And on go the brakes.
Secular culture does nothing to contradict this message in its desire to affirm sexuality in all its forms. It frequently skips past "vanilla" sex to celebrate kinks that many find demeaning. It accepts or tolerates pornography with a shrug even though porn tropes are almost always degrading to women. It ignores the way porn use always objectifies the user and the person/people depicted, making both objects for the viewer’s sexual pleasure rather than subjects in relationship with one another. “Sex-positivity” uses the language of feminism and equality to promote treating sex transactionally, as an exchange of pleasures rather than an exchange of persons. When it comes to sexual ethics, consent is the only standard. If everyone consents, then whatever happens is OK, regardless of context or consequences.
But, of course, there are consequences, and evidence of those consequences is all around us in broken hearts, broken lives, and broken families.
So the girl raised in a purity culture gets the message that sex is dangerous both implicitly and explicitly, from the warnings and metaphors of fellow Christians and from observation of the casualties of secular "sex-positive" culture. She sees that sex is frequently demeaning and bad for women.
She might be told, if she's Catholic, that the Theology of the Body warns us not to use each other, but I'm afraid even that instruction often just increases the fear of being used. If she belongs to some Protestant subcultures, she’ll notice that married women are frequently counselled that the secret to a happy marriage is sexual availability to your husband. After all, married men still have those Ferrari engines and can’t be expected to be happy in marriage if their sexual “needs” aren’t met.
And a fairly large proportion of girls (and quite a few boys), regardless of what they are taught about sex, will actually have already been used sexually in one way or another--molested or targeted for indecent exposure or suggestive harassment—long before their first purity talk or sex ed course.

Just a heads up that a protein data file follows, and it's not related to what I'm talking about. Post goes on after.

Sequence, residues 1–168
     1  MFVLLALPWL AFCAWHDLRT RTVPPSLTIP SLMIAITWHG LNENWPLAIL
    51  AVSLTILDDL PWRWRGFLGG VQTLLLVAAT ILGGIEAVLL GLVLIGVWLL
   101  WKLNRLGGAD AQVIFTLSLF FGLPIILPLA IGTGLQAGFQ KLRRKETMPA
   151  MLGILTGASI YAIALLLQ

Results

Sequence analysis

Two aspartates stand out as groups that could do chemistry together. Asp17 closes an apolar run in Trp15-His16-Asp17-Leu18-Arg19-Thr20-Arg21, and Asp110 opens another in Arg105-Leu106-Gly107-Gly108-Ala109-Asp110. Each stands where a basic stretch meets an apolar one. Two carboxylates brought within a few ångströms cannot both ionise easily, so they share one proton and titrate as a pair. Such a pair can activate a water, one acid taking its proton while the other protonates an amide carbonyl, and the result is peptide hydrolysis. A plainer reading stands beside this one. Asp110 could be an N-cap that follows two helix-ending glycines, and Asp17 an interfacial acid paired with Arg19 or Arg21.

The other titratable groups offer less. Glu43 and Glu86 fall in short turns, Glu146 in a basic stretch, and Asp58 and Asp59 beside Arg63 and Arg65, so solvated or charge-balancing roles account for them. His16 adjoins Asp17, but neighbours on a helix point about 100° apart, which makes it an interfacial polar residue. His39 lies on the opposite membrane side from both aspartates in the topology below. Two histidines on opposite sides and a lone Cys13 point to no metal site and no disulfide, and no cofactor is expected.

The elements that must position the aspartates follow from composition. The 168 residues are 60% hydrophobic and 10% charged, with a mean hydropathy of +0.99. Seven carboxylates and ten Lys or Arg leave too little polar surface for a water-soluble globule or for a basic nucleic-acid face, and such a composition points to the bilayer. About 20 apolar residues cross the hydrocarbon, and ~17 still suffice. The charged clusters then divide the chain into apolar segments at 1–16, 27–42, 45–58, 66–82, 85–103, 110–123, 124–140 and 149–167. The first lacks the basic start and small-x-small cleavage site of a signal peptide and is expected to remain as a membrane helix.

The result is that, for some people, women especially, the brakes go on, full stop, and they don't easily disengage, no matter how much we talk about the sanctity and pleasure of married sex.
If sexual dysfunction is to be understood in the context of the interaction of psychological and physiological sexual responses, then the message that's missing is not that married sex is “good.” It's that it can be safe for the human person. And while both church and world are concerned with sexual safety, they lack the personalist’s insight into the danger of use in human relationships.
Birth control, condoms, and consent don’t protect a person from the fear of being used. Sexual continence outside of marriage doesn’t protect from sexual objectification within marriage.
Sex is sacred—this we know. But do we know that the human person—the sexual human person—is also sacred?
Do we know how to protect our own subjectivity from use without becoming closed to union?
Do we know how to teach our children to be both safe and open?
I have some thoughts as to what a personalistic sexual education might look like, but, heck, my oldest child is 12. We’re still very early on this journey. So before I venture into giving my theories, I want to ask readers to share their experiences and thoughts.
What can we do to guide our children safely through all of the messages about sex contained in popular culture and Christian subcultures?
How do we teach chastity and prudence without teaching fear?